twitter-logoSomething has gone awry with Twitter, and it looks like the social network’s proofs have done a disappearing act on us.

On Friday, Twitter stopping showing share counts on their tweet buttons, which was one of the main ways to tell how popular a tweet is.  Of course, this move isn’t exactly a total surprise, as this move was announced back in October.  Twitter said that it had to make the change in order to simplify its platform.  The API endpoint that was being used to keep count of shares was totally accurate anyway.

Share totals even disappeared from sites that included social buttons with share totals, such as Slate, Entertainment Weekly and many, many others.

Slate vice chairman, Dan Check told Digiday, was taken by surprise by this move.  “We want that count back,” he had said.  “It’s meaningful to us. Having share counts along with comment counts is a strong way to underline that there’s a conversation around what we’ve written. We want to signal to readers that that conversation is happening.”

There was an uproar on Twitter itself, using the hashtag,  #SaveOurShareCounts to vent on the loss of their share counts.

It’s just unfortunate that publishers, those who use the service and help make Twitter run, don’t have much say in the matter.  Now, third-party providers have no free way of accessing full sharing data.  If they wanted to gain access to any data, they would have to pay Twitter’s Gnip subsidiary for access to the entire search access.  The prices for Gnip range anywhere from $300 to $50,000 a month.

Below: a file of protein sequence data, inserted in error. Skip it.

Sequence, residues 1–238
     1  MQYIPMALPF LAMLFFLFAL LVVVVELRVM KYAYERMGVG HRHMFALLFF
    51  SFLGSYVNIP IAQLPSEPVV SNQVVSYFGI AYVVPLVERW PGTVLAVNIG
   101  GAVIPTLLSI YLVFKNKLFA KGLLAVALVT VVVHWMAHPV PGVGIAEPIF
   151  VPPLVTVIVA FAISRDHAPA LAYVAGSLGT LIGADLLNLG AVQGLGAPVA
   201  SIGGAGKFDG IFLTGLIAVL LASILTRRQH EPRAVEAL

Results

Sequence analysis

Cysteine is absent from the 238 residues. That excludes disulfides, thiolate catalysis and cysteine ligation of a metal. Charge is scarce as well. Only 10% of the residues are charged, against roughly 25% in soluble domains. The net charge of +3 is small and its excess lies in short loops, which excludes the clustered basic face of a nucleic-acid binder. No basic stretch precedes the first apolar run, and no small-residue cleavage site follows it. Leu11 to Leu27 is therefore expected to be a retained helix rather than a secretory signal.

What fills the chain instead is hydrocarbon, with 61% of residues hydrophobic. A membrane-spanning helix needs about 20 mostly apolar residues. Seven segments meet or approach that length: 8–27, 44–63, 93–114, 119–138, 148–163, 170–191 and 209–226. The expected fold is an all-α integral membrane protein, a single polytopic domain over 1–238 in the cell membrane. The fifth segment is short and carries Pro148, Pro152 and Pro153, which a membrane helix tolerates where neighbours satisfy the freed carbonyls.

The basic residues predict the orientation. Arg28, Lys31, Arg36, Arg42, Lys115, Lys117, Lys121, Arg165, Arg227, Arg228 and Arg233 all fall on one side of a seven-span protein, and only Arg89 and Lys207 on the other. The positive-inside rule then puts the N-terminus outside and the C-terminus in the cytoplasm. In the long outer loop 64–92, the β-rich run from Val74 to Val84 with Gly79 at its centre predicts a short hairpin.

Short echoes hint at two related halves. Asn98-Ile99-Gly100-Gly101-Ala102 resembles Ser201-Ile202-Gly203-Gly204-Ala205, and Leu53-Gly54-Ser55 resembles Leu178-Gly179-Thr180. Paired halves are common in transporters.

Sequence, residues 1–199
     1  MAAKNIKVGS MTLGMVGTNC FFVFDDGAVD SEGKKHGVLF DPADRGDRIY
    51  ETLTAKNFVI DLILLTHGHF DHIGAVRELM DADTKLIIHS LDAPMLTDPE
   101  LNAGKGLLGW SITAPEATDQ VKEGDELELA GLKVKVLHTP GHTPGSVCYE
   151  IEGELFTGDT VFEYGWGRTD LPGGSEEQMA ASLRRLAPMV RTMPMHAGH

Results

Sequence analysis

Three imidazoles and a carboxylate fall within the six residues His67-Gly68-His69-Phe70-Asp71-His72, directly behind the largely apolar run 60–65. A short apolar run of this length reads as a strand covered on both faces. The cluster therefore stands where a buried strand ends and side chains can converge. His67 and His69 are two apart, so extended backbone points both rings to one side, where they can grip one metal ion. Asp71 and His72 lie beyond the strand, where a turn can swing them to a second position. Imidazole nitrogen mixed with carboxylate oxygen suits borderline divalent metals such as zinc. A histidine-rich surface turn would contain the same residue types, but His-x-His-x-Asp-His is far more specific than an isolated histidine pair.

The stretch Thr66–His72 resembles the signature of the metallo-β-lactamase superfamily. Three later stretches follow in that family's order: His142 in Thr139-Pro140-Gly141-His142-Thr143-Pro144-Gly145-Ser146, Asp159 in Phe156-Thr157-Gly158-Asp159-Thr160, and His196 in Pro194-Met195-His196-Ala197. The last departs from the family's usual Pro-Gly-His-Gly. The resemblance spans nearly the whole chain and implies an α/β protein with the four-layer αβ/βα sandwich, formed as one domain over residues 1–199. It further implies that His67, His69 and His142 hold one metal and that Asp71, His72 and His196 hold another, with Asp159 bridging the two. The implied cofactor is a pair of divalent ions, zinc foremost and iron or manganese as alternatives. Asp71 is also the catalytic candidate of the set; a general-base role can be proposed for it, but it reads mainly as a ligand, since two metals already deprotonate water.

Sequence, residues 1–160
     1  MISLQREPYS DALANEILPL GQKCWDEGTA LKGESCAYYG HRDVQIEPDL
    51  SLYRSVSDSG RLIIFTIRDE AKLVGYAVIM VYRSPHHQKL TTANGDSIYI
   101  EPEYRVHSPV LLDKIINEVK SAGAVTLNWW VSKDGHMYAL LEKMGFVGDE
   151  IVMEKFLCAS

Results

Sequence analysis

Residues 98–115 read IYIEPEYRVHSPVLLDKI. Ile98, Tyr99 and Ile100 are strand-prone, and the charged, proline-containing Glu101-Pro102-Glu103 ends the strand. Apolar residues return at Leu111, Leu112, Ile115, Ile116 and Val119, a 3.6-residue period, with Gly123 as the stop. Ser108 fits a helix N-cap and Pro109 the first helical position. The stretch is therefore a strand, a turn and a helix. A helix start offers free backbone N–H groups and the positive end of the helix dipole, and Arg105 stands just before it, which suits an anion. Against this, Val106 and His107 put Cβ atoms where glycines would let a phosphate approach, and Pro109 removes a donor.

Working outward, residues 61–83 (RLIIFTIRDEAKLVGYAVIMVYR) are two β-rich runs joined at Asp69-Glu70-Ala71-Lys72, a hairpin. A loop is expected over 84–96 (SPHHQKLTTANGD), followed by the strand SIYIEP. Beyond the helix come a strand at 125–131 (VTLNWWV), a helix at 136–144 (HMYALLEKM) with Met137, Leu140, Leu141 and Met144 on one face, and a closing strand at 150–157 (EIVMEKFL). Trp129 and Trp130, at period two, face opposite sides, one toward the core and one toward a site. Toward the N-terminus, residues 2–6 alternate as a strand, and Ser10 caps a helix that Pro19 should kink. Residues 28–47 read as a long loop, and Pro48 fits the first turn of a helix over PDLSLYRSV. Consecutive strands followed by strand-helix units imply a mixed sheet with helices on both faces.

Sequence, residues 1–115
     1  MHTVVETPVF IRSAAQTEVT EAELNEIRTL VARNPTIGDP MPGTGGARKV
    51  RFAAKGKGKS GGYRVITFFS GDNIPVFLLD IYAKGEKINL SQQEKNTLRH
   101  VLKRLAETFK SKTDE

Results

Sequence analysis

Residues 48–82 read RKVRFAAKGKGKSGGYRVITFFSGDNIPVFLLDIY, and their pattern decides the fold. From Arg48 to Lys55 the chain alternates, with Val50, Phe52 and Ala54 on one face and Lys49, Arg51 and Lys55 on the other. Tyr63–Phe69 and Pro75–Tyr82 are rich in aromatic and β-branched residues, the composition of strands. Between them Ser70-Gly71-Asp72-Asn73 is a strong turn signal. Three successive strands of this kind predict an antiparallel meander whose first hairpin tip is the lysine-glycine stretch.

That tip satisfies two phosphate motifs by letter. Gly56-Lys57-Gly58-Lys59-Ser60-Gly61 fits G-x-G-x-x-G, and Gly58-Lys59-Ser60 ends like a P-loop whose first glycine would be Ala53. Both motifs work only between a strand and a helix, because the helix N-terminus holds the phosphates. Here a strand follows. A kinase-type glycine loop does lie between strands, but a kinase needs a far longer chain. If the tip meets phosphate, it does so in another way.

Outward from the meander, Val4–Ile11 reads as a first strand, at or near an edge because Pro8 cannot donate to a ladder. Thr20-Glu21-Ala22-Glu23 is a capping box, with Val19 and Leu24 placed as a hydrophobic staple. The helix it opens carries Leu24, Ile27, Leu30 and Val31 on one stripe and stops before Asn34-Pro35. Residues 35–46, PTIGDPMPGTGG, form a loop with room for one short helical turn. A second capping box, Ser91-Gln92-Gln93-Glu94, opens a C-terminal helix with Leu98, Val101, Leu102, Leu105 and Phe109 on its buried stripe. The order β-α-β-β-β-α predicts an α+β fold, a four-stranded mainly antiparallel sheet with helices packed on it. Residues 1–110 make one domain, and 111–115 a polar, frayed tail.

Although most major publishers depend on enterprise analytics platforms to measure their social media progress, there are the smaller businesses that can’t afford the same luxury.

Fisher Fisher, the technical product manager for Cox Media Group, isn’t too worried about the change.  The share counts that are displayed isn’t a priority for the company newspaper, radio and TV websites.  Fisher said that they’re focusing more on other analytics, and not just Twitter share count.

“I think we’ve come so far past that in social,” he said. “It’s kind of known that that’s not the way. I would rather go by how many people are actually reading an article on ajc.com or myajc.com than sharing it. At the end of the day, we still rent social media and we own our O and Os

[Owned and Operated] so I would rather know the content that’s being read on our sites than live and die by what’s being shared on Twitter or liked or whatever.”

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